Year Of Security for Java – Week 3 – Session Cookie Secure Flag

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What is it and why do I care?
Session cookies (or the cookie containing the JSESSIONID to Java folks) are the cookies used to perform session management for web applications. These cookies hold the reference to the session identifier for a given user, and the same identifier is maintained server-side along with any session scoped data related to that session id. Since cookies are transmitted on every request, this is the most common mechanism used for session management in web applications.

The secure flag is an additional flag you can set on a cookie that instructs the browser to ONLY send this cookie on HTTPS (encrypted) transmissions, and _not_ on HTTP (unencrypted) transmissions. This ensures your session cookie is not visible to an attacker in, say, a man in the middle attack (MITM). This is not a complete solution to secure session management, but is an important step.

Secure Flag

What should I do about it?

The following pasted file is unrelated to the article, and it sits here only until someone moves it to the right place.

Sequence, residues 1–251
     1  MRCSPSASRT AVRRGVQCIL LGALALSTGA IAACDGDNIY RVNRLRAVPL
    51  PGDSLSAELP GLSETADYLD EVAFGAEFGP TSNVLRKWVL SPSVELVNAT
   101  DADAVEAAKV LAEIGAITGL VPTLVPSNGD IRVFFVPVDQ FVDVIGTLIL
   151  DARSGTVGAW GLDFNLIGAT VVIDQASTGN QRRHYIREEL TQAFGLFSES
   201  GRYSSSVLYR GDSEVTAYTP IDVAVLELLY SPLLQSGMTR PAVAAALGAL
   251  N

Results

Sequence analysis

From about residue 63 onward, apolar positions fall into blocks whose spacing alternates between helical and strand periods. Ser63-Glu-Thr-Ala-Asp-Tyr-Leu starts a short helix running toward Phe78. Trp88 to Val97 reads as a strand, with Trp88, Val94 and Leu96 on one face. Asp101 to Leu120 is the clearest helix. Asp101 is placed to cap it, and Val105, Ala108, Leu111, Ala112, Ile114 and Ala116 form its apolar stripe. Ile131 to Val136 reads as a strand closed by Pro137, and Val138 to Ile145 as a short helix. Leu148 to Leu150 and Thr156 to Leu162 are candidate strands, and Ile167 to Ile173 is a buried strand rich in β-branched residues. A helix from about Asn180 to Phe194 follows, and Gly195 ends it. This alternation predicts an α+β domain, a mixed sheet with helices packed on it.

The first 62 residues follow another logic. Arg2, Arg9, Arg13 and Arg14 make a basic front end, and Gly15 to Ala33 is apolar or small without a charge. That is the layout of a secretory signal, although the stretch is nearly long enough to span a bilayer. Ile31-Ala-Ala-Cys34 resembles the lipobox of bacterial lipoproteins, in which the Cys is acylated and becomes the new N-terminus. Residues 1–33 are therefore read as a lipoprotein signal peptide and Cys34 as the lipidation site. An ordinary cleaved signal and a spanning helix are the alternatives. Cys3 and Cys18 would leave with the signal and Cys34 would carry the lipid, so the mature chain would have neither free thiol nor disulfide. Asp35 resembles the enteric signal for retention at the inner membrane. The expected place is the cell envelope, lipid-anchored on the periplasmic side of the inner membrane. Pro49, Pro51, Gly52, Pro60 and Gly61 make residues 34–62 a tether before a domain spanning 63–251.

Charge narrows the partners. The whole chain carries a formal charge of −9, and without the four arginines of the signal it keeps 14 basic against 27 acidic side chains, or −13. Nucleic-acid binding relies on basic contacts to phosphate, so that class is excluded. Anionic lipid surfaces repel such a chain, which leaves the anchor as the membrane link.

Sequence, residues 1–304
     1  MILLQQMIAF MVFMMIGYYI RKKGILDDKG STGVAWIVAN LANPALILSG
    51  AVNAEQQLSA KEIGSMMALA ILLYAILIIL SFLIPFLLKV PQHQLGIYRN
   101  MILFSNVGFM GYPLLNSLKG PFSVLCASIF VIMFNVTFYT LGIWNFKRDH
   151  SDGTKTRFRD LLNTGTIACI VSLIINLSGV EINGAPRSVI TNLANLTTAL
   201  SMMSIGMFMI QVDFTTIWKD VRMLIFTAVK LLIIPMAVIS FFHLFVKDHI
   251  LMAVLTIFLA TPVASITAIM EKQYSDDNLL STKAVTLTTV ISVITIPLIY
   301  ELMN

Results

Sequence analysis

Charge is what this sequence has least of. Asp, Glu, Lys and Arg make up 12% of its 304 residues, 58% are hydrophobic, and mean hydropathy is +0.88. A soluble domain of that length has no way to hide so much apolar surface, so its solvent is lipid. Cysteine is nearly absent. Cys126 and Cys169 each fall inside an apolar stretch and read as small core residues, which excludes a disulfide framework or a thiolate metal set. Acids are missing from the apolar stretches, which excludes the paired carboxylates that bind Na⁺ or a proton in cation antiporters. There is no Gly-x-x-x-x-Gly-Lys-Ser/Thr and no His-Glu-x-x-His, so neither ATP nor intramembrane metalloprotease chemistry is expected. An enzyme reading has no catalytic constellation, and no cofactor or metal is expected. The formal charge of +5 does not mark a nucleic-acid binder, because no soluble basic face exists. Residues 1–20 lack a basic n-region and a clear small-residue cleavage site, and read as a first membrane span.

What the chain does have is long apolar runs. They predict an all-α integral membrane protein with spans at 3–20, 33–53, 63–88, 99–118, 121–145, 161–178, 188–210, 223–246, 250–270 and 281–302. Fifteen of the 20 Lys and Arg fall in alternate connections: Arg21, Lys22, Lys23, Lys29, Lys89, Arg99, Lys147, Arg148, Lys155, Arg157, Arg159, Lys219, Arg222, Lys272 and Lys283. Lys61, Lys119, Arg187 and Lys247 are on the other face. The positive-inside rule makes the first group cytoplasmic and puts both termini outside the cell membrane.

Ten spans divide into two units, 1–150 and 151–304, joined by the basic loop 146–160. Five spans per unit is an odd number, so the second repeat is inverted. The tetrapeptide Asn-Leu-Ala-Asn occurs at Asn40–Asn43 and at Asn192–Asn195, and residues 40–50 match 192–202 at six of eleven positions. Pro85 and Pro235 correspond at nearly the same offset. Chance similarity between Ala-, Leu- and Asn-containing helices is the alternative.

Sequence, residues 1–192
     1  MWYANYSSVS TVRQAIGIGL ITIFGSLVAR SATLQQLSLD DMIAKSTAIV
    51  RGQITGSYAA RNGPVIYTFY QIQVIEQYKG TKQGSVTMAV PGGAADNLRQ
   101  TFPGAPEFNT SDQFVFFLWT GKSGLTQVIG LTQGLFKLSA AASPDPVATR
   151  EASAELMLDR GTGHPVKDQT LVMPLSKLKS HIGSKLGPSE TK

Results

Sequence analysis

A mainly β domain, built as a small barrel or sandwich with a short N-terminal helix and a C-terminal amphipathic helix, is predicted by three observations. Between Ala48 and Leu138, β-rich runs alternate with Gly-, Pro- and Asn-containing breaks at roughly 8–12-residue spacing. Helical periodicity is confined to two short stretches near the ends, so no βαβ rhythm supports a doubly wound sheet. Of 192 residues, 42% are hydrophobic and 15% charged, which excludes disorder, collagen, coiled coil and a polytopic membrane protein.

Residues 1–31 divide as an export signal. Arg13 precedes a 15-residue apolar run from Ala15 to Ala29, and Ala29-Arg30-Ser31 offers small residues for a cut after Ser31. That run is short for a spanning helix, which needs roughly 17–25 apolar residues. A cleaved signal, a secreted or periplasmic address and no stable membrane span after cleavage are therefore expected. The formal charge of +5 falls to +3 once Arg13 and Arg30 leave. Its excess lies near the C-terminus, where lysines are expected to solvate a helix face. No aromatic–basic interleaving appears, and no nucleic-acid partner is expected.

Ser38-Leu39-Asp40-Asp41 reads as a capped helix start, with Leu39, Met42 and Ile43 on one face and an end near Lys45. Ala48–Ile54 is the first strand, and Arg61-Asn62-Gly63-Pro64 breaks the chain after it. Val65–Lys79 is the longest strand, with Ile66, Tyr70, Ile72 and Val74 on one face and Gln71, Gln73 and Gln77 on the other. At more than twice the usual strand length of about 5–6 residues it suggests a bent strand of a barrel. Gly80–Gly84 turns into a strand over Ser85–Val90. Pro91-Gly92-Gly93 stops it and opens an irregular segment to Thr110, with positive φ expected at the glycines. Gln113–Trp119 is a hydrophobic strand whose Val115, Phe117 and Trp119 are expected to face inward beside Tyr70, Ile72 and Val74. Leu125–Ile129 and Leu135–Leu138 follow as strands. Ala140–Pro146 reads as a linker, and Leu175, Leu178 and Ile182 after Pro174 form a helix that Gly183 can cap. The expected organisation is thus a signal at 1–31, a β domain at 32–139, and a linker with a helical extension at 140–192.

The resolution here is quite simple. You must add the secure flag to your session cookie (and preferably all cookies as any requests to your site should be HTTPS if possible).

Here’s an example of how a session cookie might look without the secure flag:

Cookie: jsessionid=AS348AF929FK219CKA9FK3B79870H;

And now, with the secure flag:

Cookie: jsessionid=AS348AF929FK219CKA9FK3B79870H; secure;

Not much to it. You can obviously manually do this, but if you’re working in a Servlet 3.0 or newer environment, there’s a simple configuration setting in the web.xml that takes care of this for you. You should add this snippet to your web.xml.


As you can see, resolving this issue is quite simple. It should be on everyone’s //TODO list.


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